And you accuse me of cowardice?

Also, wouldn’t the acceptance or rejection of common ancestry be Totally Irrelevant to expert witnesses like chemist Dr. Charles Thaxton whose specialty is Origin of Life and who testified SPECIFICALLY concerning the KS Origin of Life Standards?

We better give up folks, their side has Dr. Charles Thaxton an Originoflifologist.

Although you are correct in pointing out that Evolution has nothing to do with the origin of life, just the origin of species; and even though science is close to adequately answering how the first life form arose, it really doesn’t belong in the H.S. biology curriculum.

I might also point out that the ID/Creationism side has a tendency to conflate the abiogeisis explanation for the origin of life and evolution, which make Dr. Thaxton’s opinions on evolution including common descent entirely relevent.

Is nobody bothered by the inherently anti-realist approach to science that is embodied in the science standard ?

I mean, I have no problem with this as such, but I think it is just going to confuse kids to embrace such a science standard without making it explicit. Bound to do more harm than good, given the general idea that science is synonymous with some sort of scientific realism and the “pursuit of truth” about the world.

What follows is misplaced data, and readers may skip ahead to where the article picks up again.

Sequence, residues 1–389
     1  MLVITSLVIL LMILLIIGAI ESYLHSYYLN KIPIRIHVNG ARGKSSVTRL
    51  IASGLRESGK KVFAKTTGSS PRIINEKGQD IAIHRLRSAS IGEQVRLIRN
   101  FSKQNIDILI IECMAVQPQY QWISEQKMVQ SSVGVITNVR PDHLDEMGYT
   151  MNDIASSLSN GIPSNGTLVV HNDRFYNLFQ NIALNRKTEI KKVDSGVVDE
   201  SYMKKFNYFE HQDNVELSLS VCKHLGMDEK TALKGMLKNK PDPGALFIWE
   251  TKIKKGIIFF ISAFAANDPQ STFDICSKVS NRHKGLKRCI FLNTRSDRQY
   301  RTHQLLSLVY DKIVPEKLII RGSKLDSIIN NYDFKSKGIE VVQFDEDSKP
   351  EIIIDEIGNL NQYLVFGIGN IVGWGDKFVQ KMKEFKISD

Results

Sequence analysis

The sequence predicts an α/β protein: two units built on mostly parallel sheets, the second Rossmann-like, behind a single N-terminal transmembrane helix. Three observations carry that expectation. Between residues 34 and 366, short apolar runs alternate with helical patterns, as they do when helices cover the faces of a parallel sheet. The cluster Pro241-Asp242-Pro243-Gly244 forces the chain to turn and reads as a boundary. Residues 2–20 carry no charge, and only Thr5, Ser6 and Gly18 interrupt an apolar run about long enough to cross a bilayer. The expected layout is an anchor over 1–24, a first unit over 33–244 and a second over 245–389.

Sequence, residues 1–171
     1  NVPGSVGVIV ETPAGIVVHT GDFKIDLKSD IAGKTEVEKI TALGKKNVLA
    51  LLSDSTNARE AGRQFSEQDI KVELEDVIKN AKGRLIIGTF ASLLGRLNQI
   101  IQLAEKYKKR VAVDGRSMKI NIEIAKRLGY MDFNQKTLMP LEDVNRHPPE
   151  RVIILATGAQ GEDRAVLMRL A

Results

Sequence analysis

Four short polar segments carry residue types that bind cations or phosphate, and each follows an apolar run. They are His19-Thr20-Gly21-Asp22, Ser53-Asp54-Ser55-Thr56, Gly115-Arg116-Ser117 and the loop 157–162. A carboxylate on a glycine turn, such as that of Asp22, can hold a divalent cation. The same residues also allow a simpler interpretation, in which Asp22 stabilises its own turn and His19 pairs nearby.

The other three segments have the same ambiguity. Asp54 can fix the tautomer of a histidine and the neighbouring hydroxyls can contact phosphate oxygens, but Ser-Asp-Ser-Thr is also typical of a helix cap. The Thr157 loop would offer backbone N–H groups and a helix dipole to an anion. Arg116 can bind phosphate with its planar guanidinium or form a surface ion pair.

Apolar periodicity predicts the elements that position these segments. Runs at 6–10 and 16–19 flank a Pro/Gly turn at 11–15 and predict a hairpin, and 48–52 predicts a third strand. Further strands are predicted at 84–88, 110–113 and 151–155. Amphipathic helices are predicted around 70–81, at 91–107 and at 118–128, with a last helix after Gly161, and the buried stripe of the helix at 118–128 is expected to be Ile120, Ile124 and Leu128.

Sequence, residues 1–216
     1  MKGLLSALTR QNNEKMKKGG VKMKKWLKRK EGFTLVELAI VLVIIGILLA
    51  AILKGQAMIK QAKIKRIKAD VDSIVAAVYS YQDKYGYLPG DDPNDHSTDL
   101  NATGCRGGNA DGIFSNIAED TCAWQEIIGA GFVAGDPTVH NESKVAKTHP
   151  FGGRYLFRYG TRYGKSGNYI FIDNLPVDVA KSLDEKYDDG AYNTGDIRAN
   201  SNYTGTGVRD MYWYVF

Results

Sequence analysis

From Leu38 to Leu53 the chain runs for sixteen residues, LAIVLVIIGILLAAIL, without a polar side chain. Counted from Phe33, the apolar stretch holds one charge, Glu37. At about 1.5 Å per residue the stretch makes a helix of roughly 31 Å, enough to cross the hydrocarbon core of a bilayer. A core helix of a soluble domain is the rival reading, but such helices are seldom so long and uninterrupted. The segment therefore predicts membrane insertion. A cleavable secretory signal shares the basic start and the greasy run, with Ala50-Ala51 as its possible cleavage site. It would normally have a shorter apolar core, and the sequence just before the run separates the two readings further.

Although let me guess, pretending an anti-realist philosophy of science is really a realist philosophy of science if being “pro-science” ?

Sorry for the cynicism.

So, sciphishow, since you brought it up – please explain to us how one can empirically test a supernatural cause.

So, sciphishow, since you brought it up — please explain to us how one can empirically test a supernatural cause

What is a “supernatural cause” Nick ?

By the way, it doesn’t bother me if they decide to adopt an anti-realist approach to science or a realist approach that admits to an incredible limitation to what science can tell us about the world.

If there is no way to empirically test such a thing, then thats fine. You are stuck at the point with one of the above. That isn’t really a problem as such.

What is a problem is when you want to claim some sort of broad scientific realism and then rule out lots of different possible means of explanation as out of bounds by fiat.